The sgl/gl module provides a direct interface to the system’s GL library closely following the conventions of the C-language OpenGL API. It provides a binding for each #defined constant (these start with GL_) and for the functions in the GL 1.5 and GLU 1.3 specifications, except for the following:
Vertex arrays (GL 1.5, Section 2.8)
Buffer objects (GL 1.5, Section 2.9)
glGetPointerv (GL 1.5, Section 6.1.11)
Buffer object queries (GL 1.5, Section 6.1.13)
Polygon tessellation (GLU 1.3, Section 5)
gluQuadricCallback (GLU 1.3, Section 6.2)
NURBS (GLU 1.3, Section 7)
If one of the provided functions is not present on your system (e.g. if your system supports only GL 1.3), then the corresponding sgl/gl function raises a run-time exception when invoked.
The functions provided by sgl/gl perform comparable checking to their C-language counterparts; they check the types of their arguments, but do not check the length of array arguments. The following details the kinds of Scheme values that can be provided for each primitive OpenGL type:
OpenGL functions that take vector arguments accept cvector values. The type of the cvector is checked; for example, glVertex3fv expects a vector of GLfloats, so glVertex3fv accepts only a cvector containing reals. See also sgl/gl-vectors. Functions that accept arrays of type void* accept any cvector; you must ensure that you supply the proper kind of vector, as in the C-language OpenGL API.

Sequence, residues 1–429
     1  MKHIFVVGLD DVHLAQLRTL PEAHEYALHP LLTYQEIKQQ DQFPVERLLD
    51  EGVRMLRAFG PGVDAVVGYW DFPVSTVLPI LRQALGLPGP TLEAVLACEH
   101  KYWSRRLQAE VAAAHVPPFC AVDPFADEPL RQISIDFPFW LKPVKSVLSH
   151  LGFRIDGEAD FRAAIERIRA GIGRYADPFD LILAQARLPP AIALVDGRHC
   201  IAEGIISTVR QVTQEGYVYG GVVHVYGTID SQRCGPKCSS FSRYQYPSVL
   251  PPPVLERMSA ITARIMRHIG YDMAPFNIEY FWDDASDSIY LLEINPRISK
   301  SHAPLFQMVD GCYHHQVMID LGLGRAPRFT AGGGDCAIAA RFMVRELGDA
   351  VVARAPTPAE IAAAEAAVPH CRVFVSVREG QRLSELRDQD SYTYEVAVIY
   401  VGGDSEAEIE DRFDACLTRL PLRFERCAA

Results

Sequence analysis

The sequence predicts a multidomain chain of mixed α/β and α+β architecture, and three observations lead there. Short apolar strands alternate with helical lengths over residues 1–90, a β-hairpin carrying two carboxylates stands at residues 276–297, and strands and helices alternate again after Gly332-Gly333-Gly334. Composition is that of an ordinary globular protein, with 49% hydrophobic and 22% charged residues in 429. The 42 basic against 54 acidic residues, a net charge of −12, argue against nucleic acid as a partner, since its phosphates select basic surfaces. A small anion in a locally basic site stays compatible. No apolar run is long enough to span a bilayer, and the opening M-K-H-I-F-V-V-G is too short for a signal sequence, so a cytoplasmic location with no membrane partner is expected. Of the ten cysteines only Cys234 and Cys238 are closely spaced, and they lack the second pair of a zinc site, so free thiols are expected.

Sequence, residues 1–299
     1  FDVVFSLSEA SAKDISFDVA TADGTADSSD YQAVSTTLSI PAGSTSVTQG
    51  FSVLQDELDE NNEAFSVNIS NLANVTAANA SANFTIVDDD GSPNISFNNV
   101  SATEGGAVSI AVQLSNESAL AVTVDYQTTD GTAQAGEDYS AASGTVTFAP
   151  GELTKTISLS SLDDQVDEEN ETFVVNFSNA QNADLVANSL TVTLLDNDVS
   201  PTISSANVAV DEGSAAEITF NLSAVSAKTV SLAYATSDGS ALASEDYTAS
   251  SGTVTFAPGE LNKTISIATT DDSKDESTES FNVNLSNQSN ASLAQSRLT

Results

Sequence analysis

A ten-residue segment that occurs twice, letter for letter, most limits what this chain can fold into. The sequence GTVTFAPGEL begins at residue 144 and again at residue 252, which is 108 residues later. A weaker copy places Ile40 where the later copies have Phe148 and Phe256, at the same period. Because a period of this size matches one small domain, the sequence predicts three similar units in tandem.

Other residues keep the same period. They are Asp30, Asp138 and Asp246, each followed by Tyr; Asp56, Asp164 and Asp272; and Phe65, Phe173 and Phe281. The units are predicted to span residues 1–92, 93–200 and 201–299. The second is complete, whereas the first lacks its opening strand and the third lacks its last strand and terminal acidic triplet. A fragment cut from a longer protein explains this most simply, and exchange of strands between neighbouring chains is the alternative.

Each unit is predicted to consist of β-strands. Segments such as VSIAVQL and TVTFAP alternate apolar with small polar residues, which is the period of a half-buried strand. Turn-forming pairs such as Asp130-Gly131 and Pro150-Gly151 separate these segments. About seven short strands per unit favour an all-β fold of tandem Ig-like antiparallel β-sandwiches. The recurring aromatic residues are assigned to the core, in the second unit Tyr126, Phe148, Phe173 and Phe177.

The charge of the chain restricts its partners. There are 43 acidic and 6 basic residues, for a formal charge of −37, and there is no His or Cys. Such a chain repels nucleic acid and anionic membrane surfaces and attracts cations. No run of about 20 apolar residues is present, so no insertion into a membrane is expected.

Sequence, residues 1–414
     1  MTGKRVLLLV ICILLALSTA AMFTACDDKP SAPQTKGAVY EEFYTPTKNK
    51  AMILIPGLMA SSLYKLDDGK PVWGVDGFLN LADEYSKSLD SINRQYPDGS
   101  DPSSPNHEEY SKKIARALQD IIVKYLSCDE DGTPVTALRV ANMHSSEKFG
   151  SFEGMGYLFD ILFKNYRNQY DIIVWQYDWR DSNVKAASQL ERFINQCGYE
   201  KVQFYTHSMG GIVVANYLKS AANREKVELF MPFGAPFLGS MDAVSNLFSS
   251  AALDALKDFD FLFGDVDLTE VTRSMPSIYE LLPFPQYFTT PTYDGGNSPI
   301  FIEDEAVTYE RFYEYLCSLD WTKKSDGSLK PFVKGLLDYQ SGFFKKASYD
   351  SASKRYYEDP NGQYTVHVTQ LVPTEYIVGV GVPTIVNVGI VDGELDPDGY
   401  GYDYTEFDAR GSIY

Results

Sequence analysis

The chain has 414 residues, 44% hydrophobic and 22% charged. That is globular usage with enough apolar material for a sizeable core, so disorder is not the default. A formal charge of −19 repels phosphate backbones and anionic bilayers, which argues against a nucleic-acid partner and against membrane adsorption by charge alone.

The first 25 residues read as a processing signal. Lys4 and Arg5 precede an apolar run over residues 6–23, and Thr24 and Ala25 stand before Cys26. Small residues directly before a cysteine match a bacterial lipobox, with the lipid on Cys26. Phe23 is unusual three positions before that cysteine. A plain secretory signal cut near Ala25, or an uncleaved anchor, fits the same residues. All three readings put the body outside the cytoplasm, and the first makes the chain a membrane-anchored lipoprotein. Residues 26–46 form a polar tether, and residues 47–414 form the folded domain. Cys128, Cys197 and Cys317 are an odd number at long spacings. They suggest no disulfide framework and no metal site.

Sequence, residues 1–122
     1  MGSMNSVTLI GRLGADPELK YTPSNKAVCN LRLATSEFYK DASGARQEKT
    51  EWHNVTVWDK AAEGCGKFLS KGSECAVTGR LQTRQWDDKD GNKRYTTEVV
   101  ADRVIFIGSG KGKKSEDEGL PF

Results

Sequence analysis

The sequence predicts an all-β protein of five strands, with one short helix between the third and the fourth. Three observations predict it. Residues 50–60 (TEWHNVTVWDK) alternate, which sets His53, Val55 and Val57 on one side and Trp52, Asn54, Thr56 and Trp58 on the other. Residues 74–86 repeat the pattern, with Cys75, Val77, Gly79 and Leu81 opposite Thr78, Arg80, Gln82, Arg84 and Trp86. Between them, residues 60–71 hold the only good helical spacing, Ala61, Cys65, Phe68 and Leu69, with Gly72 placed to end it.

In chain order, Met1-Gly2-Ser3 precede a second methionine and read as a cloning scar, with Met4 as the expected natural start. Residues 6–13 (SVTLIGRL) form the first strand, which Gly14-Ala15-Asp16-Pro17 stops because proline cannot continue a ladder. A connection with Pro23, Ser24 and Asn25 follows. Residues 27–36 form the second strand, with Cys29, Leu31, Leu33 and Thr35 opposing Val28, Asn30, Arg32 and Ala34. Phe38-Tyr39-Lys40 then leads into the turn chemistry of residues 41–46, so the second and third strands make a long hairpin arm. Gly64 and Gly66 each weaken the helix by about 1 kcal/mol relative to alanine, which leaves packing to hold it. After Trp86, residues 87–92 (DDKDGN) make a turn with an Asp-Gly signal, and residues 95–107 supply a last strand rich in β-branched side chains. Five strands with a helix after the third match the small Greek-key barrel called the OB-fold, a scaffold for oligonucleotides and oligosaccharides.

These functions do not take a size argument, because it is derived from the length of the argument vector.
These functions do not take vector arguments. Instead, they allocate a vector of the requested size and return it.
This function takes in a GLuint vector and textures, and it returns 2 values: the specified boolean and a boolean vector of residences.
Instead of taking a vector argument, these function take an integer argument that specifies the size of the vector that is returned.
This function does not take a vector argument and returns a GLdouble vector of length 4.
These functions deal with strings instead of GLubyte vectors.
Instead of taking pointers to GLdoubles for return values, these function directly return GLdouble vectors.
These functions do not take vectors, instead they return a selection-buffer-object or feedback-buffer-object. The select-buffer->gl-uint-vector and feedback-buffer->gl-float-vector functions copy the contents of the buffer into a vector. Because the OpenGL library writes to the buffer-object on OpenGL function calls after glSelectBuffer or glFeedbackBuffer has returned, if the buffer is garbage collected before OpenGL is finished writing to it, the entire Scheme system can crash. The gl-process-selection function in sgl helps interpret the results of glSelectBuffer in a Scheme-friendly format.
These functions are all direct translations of the C OpenGL API.